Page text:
The Ancient Greek aphorism ‘know thyself’, or the Latin version Temet Nosce - thine own self know, is a relatively familiar term, appearing even in the Matrix movie, and it was originally inscribed at the front of the Temple of Apollo at Delphi.
To hear those words evokes both mystery and allure; most of us have a natural intuitive respect for the adage even if we don’t fully grasp the profound potential such an invitation has to offer the individual.
In the comfortable modern materialistic lifestyle, especially in the west, it’s easy to overlook the significance of this ancient wisdom; there’s a great deal out there to distract ourselves, and yet perhaps more than ever, it is a responsibility, if undertaken, that best addresses the problems in the world.
Issues such as climate change, including what to do with all the plastic, and the loss of wildlife all over the world, and not just in faraway places, has now thankfully entered the mainstream consciousness. For too long these concerns have been kept on the fringe and ignored or debunked in the hopes that these problems would just solve themselves.
Capitalism has been a prime driving factor, and although it appeared to offer the individual the most freedom, it is becoming obvious now that there are some negative effects we need to address. Our world is now less about the pursuit of democracy and more about the threat of plutocracy - a world ruled by the powerful, and the powerful are those with the most money; those that control the banks and own the corporations. There’s no escaping from the fact that we live in a corporatized world, and in a world whose meaning is based solely on making money and an ever-expanding market. This is why even now we are losing invaluable rainforest to palm plantations and industrial meat production.
As individuals we are bombarded with signals from a very early age; advertising increasingly targets young children and uses young children to sell products. Billion-dollar industries thrive on selling us their idea of who and what we should be. Some of us may still think that the idea of social engineering belongs in a dystopian novel, but it has been with us for decades.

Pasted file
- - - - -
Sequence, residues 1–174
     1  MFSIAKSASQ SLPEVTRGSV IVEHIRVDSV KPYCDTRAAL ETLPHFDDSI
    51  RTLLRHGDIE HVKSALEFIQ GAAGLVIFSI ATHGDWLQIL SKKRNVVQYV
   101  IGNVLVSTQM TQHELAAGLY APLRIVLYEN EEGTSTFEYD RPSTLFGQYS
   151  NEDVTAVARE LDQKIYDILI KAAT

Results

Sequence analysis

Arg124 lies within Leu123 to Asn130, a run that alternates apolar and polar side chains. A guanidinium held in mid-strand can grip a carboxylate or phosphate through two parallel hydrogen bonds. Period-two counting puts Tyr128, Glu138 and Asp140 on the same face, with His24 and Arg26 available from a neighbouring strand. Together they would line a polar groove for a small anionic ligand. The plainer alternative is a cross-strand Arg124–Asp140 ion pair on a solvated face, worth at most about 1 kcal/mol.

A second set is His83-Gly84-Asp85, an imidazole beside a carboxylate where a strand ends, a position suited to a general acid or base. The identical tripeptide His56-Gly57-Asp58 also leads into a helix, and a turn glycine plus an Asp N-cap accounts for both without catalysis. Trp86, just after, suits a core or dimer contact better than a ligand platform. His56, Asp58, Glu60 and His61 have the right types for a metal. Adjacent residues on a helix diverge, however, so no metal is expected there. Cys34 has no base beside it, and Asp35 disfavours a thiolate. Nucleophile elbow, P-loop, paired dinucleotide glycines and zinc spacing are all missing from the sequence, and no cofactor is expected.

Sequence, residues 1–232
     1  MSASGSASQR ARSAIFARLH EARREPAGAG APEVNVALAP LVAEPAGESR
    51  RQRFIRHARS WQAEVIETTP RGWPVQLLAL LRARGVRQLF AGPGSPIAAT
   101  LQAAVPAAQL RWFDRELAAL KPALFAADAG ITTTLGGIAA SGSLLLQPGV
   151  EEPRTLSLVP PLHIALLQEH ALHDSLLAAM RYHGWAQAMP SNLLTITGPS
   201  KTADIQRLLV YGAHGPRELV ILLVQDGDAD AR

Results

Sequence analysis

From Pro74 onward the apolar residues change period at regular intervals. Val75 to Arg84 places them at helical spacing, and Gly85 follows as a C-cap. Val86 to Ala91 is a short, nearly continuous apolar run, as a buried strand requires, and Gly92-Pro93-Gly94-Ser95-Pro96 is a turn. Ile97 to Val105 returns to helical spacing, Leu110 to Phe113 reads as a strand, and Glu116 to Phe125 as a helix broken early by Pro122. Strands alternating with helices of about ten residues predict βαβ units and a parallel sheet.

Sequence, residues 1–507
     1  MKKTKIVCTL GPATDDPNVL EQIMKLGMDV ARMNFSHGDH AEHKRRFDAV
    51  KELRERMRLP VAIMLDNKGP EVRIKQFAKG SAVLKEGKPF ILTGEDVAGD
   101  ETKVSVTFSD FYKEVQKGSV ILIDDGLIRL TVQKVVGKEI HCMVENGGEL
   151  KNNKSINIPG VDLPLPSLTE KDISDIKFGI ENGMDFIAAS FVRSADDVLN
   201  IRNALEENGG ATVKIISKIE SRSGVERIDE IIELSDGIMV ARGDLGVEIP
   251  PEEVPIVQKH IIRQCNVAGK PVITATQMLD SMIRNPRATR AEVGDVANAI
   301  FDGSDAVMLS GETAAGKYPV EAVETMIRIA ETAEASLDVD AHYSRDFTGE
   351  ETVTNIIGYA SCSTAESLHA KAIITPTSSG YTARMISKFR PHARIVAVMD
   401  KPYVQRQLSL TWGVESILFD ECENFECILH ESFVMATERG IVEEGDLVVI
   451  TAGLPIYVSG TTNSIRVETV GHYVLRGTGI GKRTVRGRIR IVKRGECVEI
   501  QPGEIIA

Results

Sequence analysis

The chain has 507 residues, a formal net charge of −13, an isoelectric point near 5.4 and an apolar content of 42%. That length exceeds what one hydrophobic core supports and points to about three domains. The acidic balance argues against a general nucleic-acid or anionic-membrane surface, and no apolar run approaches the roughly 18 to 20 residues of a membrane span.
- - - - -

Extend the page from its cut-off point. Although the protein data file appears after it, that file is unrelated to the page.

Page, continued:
It is precisely because we don’t know ourselves that corporations and governments can so easily manipulate our thoughts, feelings, and desires. I think one of the greatest illusions we have is the idea that we have free-will. I think it’s more accurate to say we have a will, but to assume it is free is another thing altogether; there is much scientific understanding now that strongly indicates that most of our actions are not free-will actions at all; we make choices but they are never independent ones. Every choice depends on a lot of biological, social and personal conditions that we cannot determine for ourselves; our eating choices, relationship attractions, and even political leanings have much to do with genes, biochemistry, gender, family background, the culture of origin, etc.
We live on the threshold of artificial intelligence (AI) and it will soon be possible for corporations to know more about you than you know about yourself; soon they will have the data on a great deal of personal behavior and be able to manipulate the masses even more than at present.
If personal freedom matters, then now more than ever, we need to cultivate self-knowledge; we are going to have to know ourselves more than the corporations with AI do, otherwise we won’t be able to discern when we are being manipulated or not.
To accept the invitation to ‘know thyself’ is to undertake a change in life orientation; it's to engage life at a wholly new level, one that opens one up to new levels of meaning. Anyone can begin at any time, and many already have begun, and we can all help each other.